SM: Let me ask you to drill down a little bit, so we can zero in on some of the issues that we want to get more granular feedback on. One of the best ways would be to actually ask you about certain trends in the market and what is your approach in dealing with these kinds of trends? So, what do you see as a good philosophy, a good strategy for the productivity suite of a major enterprise like your customers? For instance, I’m seeing a lot of movement from clunky systems like Lotus Notes, for instance, and there’s a migration going on to other, much lighter weight, much more cloud architected, cloud friendly systems, even like Google. Can you speak to that?
MP: Yes, absolutely. Here’s the key thing, email is moving into collaboration; collaboration has been moving into Intranet – people like Ralph Szygenda at General Motors – over the last four or five years. So, what is the strategy around internal productivity? The key thing here is a … lock in. If you go Microsoft, you go Exchange, you go SharePoint and you do the whole Microsoft way of working. SharePoint, by the way, is probably the Microsoft savior of the year. The problem with SharePoint is the lack of governance and the storage costs go through the roof.
The best solution, I believe personally, could be more of a Cisco approach with Webex. But Cisco doesn’t know how to market its approach. Lotus Notes, yes, okay. One would expect that, unless they come up with something really good, that is dead. The key thing here in this area of personal productivity within an employee base is that the world is moving from email to collaboration to Intranet. Those are the key three steps. We’re moving from having an email system. The email system is now moving into a collaboration system, and you know what? This collaboration system, be it SharePoint, whatever is so rich in terms of being so easy to create new collaborative environments, but the problem is the storage costs go through the roof and there’s no governance. But that’s happening at the moment, and it’s great. But then it moves into the Intranet.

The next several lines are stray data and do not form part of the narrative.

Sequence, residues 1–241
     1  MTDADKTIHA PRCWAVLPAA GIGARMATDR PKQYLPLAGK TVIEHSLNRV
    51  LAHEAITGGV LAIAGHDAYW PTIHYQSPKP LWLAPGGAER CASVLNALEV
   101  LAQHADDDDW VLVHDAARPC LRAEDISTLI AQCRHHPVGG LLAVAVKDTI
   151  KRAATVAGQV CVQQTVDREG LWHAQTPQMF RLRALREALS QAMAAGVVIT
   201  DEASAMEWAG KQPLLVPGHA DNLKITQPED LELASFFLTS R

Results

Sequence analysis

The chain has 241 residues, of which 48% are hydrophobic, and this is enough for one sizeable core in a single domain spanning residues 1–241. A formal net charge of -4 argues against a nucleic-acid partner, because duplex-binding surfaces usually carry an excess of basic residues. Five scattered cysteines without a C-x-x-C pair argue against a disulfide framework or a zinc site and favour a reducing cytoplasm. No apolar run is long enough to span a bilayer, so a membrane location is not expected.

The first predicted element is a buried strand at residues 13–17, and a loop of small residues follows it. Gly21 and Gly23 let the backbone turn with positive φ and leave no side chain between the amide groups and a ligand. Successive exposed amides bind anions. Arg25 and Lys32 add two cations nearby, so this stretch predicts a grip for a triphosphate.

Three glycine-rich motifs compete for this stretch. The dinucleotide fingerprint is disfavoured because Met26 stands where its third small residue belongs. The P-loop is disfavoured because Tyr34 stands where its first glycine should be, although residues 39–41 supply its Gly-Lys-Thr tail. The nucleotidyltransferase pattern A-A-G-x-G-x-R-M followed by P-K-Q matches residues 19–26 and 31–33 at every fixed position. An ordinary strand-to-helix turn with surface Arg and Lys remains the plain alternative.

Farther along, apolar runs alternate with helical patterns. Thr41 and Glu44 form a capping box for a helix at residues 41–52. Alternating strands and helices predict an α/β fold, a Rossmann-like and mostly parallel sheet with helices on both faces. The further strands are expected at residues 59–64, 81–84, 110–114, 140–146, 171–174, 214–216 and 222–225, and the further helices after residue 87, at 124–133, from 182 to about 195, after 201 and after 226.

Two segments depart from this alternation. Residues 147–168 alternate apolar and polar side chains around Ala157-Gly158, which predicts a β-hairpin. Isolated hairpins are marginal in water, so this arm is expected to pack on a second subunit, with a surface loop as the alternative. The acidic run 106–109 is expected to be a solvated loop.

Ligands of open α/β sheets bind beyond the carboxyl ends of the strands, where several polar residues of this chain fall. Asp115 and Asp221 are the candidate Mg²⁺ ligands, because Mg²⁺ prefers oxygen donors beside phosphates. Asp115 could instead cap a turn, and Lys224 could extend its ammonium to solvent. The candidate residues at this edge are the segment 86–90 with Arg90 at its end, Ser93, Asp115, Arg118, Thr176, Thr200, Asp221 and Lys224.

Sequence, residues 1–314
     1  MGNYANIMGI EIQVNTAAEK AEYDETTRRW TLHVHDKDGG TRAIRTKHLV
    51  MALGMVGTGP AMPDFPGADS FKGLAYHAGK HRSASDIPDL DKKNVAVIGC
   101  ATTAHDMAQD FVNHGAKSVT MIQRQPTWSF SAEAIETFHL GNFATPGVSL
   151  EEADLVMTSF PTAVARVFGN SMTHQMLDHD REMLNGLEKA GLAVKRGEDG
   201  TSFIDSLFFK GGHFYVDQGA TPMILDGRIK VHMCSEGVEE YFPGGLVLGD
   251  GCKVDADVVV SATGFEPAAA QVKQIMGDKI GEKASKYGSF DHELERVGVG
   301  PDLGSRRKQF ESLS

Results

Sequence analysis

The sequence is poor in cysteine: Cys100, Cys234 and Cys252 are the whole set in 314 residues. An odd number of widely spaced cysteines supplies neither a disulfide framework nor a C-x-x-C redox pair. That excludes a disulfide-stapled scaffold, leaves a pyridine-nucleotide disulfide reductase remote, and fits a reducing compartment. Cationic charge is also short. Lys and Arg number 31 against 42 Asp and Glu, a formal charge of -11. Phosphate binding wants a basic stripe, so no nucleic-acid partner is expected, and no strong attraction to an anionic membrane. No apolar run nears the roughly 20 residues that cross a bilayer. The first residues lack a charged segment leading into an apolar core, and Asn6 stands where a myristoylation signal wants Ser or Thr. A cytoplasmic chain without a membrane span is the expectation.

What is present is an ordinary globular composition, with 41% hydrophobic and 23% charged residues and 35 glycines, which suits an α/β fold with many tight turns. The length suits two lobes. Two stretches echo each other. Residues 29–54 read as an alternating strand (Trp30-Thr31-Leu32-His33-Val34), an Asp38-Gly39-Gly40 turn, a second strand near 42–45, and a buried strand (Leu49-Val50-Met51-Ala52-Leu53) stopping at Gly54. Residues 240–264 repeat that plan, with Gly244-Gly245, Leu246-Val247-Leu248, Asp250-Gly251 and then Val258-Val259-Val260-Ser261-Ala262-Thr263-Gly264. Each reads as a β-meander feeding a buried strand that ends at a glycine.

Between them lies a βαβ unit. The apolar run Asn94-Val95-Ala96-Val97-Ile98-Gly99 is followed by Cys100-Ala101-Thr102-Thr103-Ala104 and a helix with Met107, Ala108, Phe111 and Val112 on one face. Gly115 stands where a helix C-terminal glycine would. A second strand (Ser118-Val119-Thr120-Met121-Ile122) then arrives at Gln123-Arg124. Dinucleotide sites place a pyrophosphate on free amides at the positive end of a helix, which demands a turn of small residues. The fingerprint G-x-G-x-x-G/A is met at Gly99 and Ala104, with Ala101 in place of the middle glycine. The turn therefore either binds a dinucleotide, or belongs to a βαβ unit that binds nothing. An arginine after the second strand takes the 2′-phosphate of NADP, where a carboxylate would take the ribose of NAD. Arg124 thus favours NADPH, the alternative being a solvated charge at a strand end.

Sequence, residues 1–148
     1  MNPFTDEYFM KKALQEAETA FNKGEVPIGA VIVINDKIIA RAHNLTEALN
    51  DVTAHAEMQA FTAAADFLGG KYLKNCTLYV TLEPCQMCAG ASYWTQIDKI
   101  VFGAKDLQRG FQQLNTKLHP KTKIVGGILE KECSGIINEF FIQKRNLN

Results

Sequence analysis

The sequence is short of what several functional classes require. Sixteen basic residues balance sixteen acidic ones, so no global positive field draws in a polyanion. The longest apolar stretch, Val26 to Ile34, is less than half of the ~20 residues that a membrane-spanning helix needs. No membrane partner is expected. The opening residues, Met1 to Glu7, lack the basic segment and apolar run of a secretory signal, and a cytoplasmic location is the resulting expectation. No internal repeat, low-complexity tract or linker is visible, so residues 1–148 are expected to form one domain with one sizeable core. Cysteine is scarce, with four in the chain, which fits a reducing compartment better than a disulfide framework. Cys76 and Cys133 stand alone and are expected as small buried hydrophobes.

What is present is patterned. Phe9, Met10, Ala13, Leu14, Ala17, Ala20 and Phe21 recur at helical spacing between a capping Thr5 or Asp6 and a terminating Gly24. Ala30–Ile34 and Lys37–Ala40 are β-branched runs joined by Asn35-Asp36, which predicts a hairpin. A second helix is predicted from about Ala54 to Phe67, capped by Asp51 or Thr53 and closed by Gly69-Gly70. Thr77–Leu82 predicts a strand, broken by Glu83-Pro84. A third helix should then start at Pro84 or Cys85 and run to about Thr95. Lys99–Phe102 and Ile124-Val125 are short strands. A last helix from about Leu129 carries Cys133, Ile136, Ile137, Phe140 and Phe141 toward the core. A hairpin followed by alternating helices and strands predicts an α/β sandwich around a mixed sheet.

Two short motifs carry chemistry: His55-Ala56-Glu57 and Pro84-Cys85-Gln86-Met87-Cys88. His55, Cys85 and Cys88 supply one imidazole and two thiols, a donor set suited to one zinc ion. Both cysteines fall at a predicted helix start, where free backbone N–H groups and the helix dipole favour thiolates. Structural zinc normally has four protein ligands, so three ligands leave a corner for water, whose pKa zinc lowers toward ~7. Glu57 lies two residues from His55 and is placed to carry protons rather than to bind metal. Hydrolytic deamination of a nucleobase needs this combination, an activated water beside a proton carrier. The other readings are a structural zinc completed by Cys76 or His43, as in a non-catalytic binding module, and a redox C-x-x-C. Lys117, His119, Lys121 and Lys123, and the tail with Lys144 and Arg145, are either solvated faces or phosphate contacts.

Here’s the interesting point, at the end of the tunnel – I’ll give you Microsoft as one example, and I’m not I’m pro or con Microsoft at all – they’re saying, well, we’ll now do a B+ agreement because we know that we’re now running … every employee is going to go to your SharePoint environment. That becomes your Intranet. But that comes with some kind of storage, and you need to view your corporate videos. So, Microsoft is saying, when your license comes up for renewal, we’re going to do the B+ agreement. From my point of view, as the CTO of E&Y, when I talk to CEOs, is be really careful when you make decisions around starting from email, going into collaboration, going into Intranet, because they’re inextricably linked. But then underlying that, you have security issues; you have collaboration issues; you have governance issues.